Although groundwater monitoring fieldwork may not seem that thrilling, it can actually get very exciting and chaotic, especially if you accidentally drop a piece of field equipment down the hole that you weren’t supposed to.  This is obviously never a good idea because now you’ve lost something you probably didn’t want to lose.  On top of that, there is the possibility it is now jamming up your well, making it unusable.  But getting it back out gives you a chance to put your problem solving skills to the test – and  maybe even enjoy one of your hobbies, if that hobby happens to be fishing. Luckily, last year when we dropped something down a hole we were able to get it back using a small fishing hook and line a couple days later.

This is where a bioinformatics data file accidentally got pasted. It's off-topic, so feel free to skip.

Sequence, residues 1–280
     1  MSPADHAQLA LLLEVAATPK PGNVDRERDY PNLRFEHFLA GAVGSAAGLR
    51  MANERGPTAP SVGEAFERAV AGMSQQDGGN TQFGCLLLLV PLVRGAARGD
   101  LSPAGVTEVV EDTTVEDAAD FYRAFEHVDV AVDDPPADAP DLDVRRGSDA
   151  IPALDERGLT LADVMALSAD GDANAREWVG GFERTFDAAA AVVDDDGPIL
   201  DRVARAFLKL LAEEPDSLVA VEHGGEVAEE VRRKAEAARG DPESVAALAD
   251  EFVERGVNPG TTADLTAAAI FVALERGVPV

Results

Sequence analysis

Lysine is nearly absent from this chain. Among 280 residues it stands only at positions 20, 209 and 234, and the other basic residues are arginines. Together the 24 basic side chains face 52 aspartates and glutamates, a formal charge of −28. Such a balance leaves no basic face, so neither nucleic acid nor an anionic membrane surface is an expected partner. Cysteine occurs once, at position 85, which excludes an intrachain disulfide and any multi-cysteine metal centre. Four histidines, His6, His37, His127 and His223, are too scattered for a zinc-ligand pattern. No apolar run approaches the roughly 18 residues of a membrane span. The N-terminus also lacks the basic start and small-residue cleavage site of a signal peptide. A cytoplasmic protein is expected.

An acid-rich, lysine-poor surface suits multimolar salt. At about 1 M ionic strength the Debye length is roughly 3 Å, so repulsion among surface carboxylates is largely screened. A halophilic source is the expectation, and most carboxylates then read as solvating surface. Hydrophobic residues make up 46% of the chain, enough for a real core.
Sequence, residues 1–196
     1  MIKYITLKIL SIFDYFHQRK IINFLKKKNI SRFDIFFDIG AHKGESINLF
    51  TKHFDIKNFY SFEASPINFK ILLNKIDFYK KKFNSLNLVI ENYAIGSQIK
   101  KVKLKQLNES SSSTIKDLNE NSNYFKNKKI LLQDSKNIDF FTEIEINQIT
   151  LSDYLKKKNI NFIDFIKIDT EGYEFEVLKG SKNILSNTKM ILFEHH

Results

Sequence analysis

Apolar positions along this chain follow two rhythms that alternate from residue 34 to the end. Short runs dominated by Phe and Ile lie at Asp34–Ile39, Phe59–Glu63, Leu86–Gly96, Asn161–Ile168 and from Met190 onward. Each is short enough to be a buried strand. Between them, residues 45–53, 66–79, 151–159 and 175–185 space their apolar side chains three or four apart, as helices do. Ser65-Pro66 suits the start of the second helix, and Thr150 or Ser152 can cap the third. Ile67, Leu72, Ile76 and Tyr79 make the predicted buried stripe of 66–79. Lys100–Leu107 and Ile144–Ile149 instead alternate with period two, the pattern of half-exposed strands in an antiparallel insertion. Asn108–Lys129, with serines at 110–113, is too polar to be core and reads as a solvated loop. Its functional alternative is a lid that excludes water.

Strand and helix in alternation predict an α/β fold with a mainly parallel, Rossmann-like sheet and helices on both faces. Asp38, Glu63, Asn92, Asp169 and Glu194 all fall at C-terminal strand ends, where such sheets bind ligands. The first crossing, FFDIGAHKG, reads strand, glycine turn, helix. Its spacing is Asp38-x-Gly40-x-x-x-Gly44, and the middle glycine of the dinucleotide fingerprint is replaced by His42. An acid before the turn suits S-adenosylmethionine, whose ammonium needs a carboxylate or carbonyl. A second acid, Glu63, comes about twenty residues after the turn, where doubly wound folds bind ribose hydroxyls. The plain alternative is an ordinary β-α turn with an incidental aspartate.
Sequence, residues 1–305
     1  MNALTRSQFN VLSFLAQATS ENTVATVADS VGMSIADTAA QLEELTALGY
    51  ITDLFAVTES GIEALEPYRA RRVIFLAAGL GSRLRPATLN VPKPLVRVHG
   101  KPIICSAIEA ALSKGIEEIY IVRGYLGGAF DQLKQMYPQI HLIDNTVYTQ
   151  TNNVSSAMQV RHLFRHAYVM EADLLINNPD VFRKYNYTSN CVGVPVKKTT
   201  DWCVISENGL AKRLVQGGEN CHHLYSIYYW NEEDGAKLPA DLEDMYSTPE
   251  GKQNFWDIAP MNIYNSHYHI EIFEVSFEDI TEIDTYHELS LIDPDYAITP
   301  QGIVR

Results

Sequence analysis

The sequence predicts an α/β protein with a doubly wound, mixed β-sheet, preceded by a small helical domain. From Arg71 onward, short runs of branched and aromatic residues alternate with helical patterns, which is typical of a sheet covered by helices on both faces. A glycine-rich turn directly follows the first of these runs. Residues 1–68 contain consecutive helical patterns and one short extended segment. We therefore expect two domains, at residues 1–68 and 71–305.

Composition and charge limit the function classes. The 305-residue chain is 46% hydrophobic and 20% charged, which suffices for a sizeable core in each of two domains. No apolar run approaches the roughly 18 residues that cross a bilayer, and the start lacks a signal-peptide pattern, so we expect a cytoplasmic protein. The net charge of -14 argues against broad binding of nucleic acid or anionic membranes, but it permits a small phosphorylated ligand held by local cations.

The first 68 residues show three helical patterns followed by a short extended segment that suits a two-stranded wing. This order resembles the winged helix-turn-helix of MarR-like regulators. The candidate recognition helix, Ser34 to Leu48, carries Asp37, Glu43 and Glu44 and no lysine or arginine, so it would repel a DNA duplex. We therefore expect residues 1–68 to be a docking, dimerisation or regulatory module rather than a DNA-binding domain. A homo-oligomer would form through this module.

Tara Harvey now works as a hydrogeology researcher with the G360 Institute for Groundwater Research after completing her Masters in Hydrogeology at the University of Guelph in 2016. Tara specializes in Quaternary geology, aka glacial geology, and spent most of her Masters studying the glacial landscape of Wisconsin and how the glacial deposits affect groundwater and contaminant movement.

 

Let’s Talk Field Biology

The reason we write about our funny, challenging and triumphant fieldwork stories each week is because field biology is something only the luckiest of people get to experience. Most people probably don’t even realize what fieldwork is –  what questions are being asked and answered, the toll it can take on a person, both physically and emotionally, or the many interesting and unique places fieldwork can take you. In fact, I never knew any of these things, until I was hired as a field assistant in a plant ecology lab.